• 3 (source not so good, though) DanielTom (talk) 21:05, 29 March 2014 (UTC)

The world stands aside to let anyone pass who knows where he is going. ~ David Starr Jordan

Wisdom is knowing what to do next. Virtue is doing it. ~ David Starr Jordan

  • 3 DanielTom (talk) 21:43, 29 March 2014 (UTC)
  • 3 Kalki·· 16:14, 18 January 2015 (UTC) I actually was going to use this one, as a very good statement, in itself, but questions of the virtue of the author, in working to cover up the scandal of an apparent murder gave me pause, and I went on to realize it was the birthday of Lysander Spooner and, as a rather anarchistic absurdist, much prefer quite a few by him. ~ Kalki·· 16:14, 18 January 2015 (UTC)

If our fathers, in 1776, had acknowledged the principle that a majority had the right to rule the minority, we should never have become a nation; for they were in a small minority, as compared with those who claimed the right to rule over them.
~ Lysander Spooner ~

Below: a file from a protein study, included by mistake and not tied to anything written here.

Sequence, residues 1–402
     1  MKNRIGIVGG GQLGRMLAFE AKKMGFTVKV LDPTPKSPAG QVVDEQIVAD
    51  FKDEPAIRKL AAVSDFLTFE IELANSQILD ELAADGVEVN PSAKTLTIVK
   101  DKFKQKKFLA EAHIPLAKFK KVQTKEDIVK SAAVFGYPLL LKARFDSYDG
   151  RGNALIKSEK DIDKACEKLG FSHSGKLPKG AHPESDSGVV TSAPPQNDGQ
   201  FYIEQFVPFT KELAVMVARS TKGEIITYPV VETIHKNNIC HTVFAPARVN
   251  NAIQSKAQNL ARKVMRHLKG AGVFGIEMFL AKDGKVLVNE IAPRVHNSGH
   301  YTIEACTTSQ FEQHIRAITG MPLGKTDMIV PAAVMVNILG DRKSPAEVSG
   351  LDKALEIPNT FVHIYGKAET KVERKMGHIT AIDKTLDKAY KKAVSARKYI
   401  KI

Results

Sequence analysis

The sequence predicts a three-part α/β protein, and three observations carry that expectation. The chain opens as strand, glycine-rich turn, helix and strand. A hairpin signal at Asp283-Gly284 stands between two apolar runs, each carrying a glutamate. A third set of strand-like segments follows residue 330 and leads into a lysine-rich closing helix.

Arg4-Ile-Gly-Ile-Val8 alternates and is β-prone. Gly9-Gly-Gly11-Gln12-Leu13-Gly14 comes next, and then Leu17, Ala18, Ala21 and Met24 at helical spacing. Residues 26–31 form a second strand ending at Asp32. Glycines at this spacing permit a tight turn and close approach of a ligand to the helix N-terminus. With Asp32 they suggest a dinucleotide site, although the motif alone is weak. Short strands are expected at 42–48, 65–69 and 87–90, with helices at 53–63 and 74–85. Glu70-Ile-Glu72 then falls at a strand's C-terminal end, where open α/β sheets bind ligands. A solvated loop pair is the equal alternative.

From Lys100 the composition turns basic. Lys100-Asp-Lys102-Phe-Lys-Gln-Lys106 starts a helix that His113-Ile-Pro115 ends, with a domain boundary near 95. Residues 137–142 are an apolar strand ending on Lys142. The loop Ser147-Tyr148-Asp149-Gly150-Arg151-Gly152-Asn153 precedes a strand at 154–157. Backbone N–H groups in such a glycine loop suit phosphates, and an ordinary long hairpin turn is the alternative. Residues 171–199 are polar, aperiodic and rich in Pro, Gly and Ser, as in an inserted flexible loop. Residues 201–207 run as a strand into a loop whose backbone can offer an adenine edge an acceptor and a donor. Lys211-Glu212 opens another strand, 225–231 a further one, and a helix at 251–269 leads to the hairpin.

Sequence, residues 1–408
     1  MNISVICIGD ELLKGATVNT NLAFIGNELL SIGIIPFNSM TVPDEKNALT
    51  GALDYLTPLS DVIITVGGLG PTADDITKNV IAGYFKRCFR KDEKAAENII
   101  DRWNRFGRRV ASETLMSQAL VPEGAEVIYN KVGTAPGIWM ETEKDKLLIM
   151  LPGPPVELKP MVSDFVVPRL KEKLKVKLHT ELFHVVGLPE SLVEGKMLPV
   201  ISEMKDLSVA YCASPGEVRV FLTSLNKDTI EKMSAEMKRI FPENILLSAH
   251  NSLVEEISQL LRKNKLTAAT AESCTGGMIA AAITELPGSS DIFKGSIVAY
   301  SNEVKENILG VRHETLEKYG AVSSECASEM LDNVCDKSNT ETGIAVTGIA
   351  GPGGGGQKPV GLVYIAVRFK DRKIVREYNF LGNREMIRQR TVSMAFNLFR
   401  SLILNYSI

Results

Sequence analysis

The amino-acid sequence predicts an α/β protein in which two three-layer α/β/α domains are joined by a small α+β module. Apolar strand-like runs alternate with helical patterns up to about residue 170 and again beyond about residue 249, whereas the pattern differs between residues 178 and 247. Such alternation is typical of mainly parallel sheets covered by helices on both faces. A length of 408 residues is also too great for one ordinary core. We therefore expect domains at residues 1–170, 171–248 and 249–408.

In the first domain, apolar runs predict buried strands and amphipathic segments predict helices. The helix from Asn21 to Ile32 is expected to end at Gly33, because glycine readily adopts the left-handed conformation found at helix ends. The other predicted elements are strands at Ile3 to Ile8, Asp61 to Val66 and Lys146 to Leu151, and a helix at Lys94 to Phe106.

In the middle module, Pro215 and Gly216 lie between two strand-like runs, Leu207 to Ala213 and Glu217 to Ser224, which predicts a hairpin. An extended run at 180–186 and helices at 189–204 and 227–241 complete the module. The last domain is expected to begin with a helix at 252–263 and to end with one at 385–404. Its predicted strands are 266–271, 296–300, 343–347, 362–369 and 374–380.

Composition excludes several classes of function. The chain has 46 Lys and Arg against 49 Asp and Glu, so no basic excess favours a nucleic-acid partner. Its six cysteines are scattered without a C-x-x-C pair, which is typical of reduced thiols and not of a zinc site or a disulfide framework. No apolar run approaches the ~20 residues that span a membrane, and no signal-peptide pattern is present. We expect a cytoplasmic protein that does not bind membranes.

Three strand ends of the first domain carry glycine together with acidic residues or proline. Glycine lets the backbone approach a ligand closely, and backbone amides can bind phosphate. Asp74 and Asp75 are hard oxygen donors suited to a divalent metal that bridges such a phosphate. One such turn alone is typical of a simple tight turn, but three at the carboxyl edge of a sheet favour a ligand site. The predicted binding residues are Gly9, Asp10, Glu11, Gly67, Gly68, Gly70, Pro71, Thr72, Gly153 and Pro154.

A man's natural rights are his own, against the whole world; and any infringement of them is equally a crime, whether committed by one man, or by millions; whether committed by one man, calling himself a robber, (or by any other name indicating his true character,) or by millions, calling themselves a government.
~ Lysander Spooner ~

Majorities and minorities cannot rightfully be taken at all into account in deciding questions of justice. And all talk about them, in matters of government, is mere absurdity.
~ Lysander Spooner ~

The principle that the majority have a right to rule the minority, practically resolves all government into a mere contest between two bodies of men, as to which of them shall be masters, and which of them slaves; a contest, that—however bloody—can, in the nature of things, never be finally closed, so long as man refuses to be a slave.